The Story Changes Direction

Fork in the Road by Ry Meehan
Fork in the Road by Ry Meehan

When I started outlining my memoir I thought I had a perfect little package with a happy ending – the special family formed around my birth son. Now that the circumstances of our adoption have drastically changed for the worst (I no longer have a relationship with the adoptive parents or my birth son), the shape of my memoir (and my whole life!) needs to adapt, not just regarding the decimation of everything I invested my heart into the past three years, but also concerning my relationship with God/Universe/Sacred/Mystery/Whatever.

Am I still a mystic if I no longer believe in a god beyond the Grace Between Humans? A mystic is a God Lover and I don’t know that I am one of those anymore. Except that I deeply love the Connection Between All of Life, the stuff of Oneness. I know that is real, but my relationship to what is Sacred and Mysterious in this world is currently burning in the crucible of a faith crisis. I have no idea where my concept of God will end up next.

While I had tons of notes and an outline for the book, I am going back to the basics because the framework is changing. Rather than being focused on the path of the radical mystic, it’s going to be focused on my search for belonging while living on the margins of madness, motherhood, and mysticism. These three themes are woven into my story from birth, when I was born to a 17 year old mad Christian mystic. My mother never identified as such but it’s all over her story. Madness in the form of narcissism, depression, and addiction; and mysticism in the way she kept returning to her profound love for God, to the point of attending seminary and becoming ordained late in her life. My mom was a God Lover through and through.

These themes continue into my own life. The way I was mothered seeded madness inside of me, in the form of Borderline Personality Disorder and/or complex PTSD (I am currently learning that what I always thought was BPD may be a form of PTSD instead or in combination). Having a brain that didn’t develop appropriately because of on-going emotional abuse requires significant work on my mind and behaviors to be capable of healthy, long-term relationship of any kind. While I am now highly functional and capable of healthy relating, I still struggle with remnants of old perceptions and triggers. Perhaps I always will. The way I was mothered also determined the way I would choose to mother my first two children. Providing safe space for my children to develop into healthy, self-aware adults became my number one value and priority in life. All of my life choices from ages 17 to present were rooted in what is best for my children. Finally, growing up with a mother and adoptive father who deeply loved God in their ways, I was born and raised into my own deep love for and faith in the Divine. I didn’t remain within the confines of the Christian faith, but the story of Jesus is still my favorite religious mythology. Whether or not I continue to identify as a mystic, mysticism as a spiritual path and practice until now impacts everything that I am.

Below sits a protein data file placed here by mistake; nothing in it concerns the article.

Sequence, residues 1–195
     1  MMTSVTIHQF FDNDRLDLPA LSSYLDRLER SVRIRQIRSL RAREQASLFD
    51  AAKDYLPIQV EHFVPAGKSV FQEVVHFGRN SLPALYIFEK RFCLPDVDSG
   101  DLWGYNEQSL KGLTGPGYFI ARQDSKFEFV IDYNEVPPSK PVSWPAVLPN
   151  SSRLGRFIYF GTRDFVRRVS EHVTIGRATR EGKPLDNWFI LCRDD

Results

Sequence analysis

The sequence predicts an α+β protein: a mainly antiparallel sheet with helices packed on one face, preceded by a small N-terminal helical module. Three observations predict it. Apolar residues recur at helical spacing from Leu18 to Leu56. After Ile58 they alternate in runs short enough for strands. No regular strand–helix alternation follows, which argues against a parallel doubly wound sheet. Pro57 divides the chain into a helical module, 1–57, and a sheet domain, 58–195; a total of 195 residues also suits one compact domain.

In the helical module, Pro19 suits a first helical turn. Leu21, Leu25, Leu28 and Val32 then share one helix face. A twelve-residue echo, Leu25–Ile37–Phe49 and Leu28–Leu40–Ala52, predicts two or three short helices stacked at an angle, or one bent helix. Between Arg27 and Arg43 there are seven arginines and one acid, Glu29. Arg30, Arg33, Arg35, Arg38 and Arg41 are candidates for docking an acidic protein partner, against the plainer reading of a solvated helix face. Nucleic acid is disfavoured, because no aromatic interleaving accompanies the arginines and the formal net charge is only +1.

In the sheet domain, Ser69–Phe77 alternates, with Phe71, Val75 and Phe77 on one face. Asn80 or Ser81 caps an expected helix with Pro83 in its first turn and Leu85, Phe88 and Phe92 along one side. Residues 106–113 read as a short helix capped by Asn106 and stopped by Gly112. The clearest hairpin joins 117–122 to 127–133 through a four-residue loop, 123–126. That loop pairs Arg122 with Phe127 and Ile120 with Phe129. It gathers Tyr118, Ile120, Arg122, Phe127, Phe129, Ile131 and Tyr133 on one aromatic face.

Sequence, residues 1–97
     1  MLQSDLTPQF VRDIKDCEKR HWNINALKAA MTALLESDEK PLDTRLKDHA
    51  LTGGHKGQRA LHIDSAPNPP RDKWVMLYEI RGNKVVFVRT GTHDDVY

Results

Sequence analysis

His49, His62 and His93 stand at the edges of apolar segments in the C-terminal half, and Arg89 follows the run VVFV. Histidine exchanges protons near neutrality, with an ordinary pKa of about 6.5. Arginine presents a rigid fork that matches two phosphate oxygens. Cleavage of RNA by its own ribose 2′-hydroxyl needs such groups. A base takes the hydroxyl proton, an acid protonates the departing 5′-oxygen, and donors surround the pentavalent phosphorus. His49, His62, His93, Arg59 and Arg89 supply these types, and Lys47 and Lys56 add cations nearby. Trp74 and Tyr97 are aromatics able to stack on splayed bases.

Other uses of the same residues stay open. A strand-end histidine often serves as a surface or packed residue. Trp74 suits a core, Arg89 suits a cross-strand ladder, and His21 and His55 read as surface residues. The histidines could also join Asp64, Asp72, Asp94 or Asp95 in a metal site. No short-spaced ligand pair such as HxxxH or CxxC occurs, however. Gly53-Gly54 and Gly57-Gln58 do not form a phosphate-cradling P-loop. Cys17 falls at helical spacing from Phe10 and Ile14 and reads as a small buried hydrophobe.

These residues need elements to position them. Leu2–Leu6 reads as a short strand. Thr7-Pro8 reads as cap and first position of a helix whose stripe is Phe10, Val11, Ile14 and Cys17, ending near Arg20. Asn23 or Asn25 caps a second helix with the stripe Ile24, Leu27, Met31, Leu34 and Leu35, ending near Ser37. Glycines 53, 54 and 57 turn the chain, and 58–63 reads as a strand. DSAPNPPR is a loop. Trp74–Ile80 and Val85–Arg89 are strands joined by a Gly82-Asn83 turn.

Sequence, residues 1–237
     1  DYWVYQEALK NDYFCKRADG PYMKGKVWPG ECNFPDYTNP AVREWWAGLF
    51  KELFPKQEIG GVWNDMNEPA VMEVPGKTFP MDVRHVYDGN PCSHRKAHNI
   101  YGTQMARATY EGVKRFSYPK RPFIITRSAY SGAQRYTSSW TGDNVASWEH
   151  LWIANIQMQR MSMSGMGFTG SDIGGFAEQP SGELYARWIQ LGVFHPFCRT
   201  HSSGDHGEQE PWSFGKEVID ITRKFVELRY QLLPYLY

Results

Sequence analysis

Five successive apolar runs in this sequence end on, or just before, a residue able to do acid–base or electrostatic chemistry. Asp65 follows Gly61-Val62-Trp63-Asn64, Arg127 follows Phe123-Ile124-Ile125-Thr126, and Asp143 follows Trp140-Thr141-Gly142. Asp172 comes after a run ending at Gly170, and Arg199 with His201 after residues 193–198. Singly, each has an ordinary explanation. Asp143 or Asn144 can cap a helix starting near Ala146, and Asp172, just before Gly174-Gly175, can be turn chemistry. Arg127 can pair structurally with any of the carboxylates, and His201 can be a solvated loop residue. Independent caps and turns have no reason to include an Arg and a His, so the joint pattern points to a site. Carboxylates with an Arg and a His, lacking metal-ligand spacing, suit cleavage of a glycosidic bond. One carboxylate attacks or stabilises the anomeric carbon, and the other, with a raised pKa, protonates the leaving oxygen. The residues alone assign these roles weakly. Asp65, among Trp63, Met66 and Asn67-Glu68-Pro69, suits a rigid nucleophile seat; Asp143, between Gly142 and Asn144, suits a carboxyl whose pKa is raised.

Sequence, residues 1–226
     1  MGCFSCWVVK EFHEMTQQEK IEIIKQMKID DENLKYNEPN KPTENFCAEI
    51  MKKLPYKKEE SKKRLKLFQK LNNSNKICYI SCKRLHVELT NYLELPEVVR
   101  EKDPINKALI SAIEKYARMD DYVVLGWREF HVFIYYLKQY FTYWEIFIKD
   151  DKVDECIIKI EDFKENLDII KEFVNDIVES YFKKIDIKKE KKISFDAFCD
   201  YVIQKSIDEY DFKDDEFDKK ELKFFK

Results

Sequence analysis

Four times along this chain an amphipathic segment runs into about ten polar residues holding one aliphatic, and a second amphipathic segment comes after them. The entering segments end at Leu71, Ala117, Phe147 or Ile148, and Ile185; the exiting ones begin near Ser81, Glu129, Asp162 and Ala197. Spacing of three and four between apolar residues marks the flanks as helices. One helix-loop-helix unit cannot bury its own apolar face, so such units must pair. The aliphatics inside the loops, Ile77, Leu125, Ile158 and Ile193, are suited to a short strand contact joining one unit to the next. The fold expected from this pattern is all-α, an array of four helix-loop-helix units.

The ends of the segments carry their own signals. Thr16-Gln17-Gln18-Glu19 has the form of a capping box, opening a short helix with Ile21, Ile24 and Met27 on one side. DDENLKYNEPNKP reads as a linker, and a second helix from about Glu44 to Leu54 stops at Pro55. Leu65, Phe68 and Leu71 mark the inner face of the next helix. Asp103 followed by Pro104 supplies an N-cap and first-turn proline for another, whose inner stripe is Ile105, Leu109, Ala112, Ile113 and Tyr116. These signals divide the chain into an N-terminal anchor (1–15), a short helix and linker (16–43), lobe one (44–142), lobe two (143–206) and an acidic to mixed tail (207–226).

As far as living on the margins, the edges of society have always been my home. My life experience has been simultaneously limited and expanded by poverty, childhood trauma, emotional abuse, mental illness, addiction, teen-single-welfare motherhood, sex positivity, BDSM, polyamory, large body size, and a variety of other circumstances, experiences, and values that put me far outside of the mainstream.

Now I am learning how to live on the margins as a betrayed birth mother trying to find where I belong in a culture that damns me for placing my third child for adoption in the first place, no matter the circumstances, and thus won’t honor my grief in losing him when the promise of unrestricted intimate relationship with him was stolen from me. My partner and I are alone in this unusual loss and grief that defines so much of our daily existence as we do whatever it takes to heal the gaping hole that’s been left in our hearts.  The people who love us don’t know what to say and we don’t know how to talk about it. We only have one close friend in Portland, so we don’t even have anyone to hang out with. We are working towards being able to afford therapy in a month or so, but a paid counselor is not the same as a community holding us in our grief. It’s really hard going through this on our own.

Belonging has always been elusive for me, both because of internal and external causes. I see the ways that I sabotaged opportunities to belong by maintaining my invisibility and independence (defense mechanisms learned in childhood), and the ways that I have actually been excluded from relationships and experiences by others. Now I am feeling completely lost because I don’t even know where to look for local community that has both the desire and capability to hold us while we are navigating this place between the life we believed we were living and radically different life we are adapting to.

For now I write because I know my words belong on a page and my story belongs in the world. I just know this to be true, that I belong here now for my own sanity if for nothing else. Our unusual open adoption love story is transforming to something else. I don’t know what exactly it is now or what it will be in the years to come. I just know I don’t want to permanently frame it as a birth parent betrayal story. I refuse for that to be the story that haunts my youngest son for the rest of his life. As Lucy Kalanithi writes in the afterword to When Breath Becomes Air, what happened to us was tragic but we are not a tragedy. While “our” story returns to being “my” story and may no longer be “worthy” of national press, it is still has value and complex lessons to decipher about the nature and capacities of loving as a broken human.

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